The custom of writing thank you notes is a good and necessary one. I make it practice every week to send two or three thank you notes to parishioners for their service to Jesus Christ, his church and its mission. It is important to let people know that their contribution matters.
In his letters, St. Paul, in all but one instance, offers thanks concerning the recipients of his letters, but he never gives thanks to them; he gives thanks for them. To the Corinthians he writes, "I thank my God always for you, because of God's grace that was given to you in Christ Jesus" (1 Corinthians 1:4).
And to the Philippians he writes, "I thank my God every time I mention you in my prayers. I'm thankful for all of you every time I pray, and it's always a prayer full of joy" (1:3-4).
One more example from Colossians will suffice: "We always give thanks to God, the Father of our Lord Jesus Christ, when we pray for you. We've done this since we heard of your faith in Christ Jesus and your love for all God's people" (1:3-4).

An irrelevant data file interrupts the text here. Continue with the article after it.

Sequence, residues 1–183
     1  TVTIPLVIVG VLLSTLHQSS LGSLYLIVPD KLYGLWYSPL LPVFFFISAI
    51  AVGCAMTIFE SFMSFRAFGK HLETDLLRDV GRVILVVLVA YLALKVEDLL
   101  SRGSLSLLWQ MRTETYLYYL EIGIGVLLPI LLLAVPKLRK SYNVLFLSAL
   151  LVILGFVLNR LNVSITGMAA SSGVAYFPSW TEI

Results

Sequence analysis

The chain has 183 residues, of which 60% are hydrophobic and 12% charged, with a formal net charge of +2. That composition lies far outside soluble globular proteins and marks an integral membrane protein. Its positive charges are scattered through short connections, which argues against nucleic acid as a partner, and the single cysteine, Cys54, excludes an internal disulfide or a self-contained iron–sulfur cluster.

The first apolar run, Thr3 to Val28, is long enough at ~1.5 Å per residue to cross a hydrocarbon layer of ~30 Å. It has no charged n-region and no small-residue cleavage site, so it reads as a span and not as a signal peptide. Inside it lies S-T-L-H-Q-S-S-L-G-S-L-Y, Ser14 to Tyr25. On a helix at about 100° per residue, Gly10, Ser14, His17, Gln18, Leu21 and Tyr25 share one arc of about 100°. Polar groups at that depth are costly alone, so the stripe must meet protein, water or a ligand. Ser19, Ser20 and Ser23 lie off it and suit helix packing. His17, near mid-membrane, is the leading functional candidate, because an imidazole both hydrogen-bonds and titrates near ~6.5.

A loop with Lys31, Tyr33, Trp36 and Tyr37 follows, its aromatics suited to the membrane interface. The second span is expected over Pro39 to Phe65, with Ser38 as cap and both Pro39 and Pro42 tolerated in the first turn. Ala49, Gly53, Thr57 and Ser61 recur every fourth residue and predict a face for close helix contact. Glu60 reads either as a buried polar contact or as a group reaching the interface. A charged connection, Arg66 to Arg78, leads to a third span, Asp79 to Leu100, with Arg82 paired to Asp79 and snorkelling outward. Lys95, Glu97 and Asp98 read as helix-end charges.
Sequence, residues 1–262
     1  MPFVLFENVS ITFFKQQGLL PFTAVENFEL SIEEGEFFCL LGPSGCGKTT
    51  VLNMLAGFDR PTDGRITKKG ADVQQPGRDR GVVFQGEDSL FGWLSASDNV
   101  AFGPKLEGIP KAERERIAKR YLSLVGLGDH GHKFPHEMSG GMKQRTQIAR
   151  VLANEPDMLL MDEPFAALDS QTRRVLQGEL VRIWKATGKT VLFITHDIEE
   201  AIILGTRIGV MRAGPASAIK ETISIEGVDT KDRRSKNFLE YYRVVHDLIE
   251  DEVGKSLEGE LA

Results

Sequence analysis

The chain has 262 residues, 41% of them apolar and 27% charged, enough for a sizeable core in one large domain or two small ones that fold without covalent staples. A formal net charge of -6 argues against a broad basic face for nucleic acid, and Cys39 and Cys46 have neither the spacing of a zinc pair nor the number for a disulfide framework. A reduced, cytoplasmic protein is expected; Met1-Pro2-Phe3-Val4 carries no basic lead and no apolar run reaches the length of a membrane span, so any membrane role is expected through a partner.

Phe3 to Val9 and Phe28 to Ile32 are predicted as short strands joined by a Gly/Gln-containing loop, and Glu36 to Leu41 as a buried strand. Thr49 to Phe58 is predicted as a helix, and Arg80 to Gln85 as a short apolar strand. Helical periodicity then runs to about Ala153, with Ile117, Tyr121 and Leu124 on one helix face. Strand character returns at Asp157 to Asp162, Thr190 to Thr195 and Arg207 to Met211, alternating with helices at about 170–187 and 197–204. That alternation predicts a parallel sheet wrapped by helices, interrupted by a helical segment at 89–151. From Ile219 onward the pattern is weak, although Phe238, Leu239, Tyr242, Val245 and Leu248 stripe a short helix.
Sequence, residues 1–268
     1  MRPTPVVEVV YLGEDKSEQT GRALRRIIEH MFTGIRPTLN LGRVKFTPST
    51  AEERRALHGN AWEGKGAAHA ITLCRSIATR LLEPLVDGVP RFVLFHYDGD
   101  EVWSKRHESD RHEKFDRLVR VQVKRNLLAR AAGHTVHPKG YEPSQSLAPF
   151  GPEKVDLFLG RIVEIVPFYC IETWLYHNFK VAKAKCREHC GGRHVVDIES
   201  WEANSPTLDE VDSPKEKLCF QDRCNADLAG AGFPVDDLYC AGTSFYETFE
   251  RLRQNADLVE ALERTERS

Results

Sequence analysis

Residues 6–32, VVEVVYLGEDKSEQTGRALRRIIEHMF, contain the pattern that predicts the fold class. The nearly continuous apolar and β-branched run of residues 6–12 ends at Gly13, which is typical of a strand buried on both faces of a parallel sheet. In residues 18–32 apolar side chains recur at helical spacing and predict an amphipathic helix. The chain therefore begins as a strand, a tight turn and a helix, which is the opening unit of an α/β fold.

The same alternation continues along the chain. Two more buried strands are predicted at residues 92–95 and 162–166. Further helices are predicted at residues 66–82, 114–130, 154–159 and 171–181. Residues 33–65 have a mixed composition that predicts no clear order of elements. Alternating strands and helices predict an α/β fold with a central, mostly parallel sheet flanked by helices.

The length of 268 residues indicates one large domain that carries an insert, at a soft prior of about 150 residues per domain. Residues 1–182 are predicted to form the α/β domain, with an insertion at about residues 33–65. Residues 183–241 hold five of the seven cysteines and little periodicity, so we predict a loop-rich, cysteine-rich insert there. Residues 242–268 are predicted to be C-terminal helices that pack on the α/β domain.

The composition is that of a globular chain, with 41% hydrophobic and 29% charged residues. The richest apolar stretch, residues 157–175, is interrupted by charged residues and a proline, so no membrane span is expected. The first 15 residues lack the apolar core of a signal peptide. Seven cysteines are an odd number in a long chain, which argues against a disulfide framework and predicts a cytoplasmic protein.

Nowhere in his letters does Paul directly thank the recipients; instead he directly thanks God for them and their faithfulness, etc. I wonder how our thank you notes to others in service to Christ and his church would sound different if we took Paul's approach instead of what is usual and customary for us?
I am not suggesting that this style would be appropriate for all the thank yous we write. I am not sure this is a good idea when we are thanking our neighbor for the birthday gift we really don't need... "I thank God for the vintage set of record albums you bought me." But perhaps to thank others for the kingdom work they do involves the kind of thanksgiving that recognizes that while all good work is important, kingdom work takes on a greater significance. Perhaps, therefore, in those expressions of thanksgiving for kingdom work, great or small, we should thank God for those who do such work, and let them know that we do thank God for them and their commitment to God's purposes in this world.
And, frankly, when we offer our thanks in this way, we give the recipients of such thanksgiving an even greater honor in acknowledging that God is indeed using them for his work in the world. We are affirming that their faithfulness has a divine stamp.
I have taken my own advice and have started writing my thank you notes in this way; and I must say, it just feels more biblical.
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I do not seek to understand that I may believe, but I believe in order to understand. For this also I believe, –that unless I believed, I should not understand.-- St. Anselm of Canterbury (1033-1109)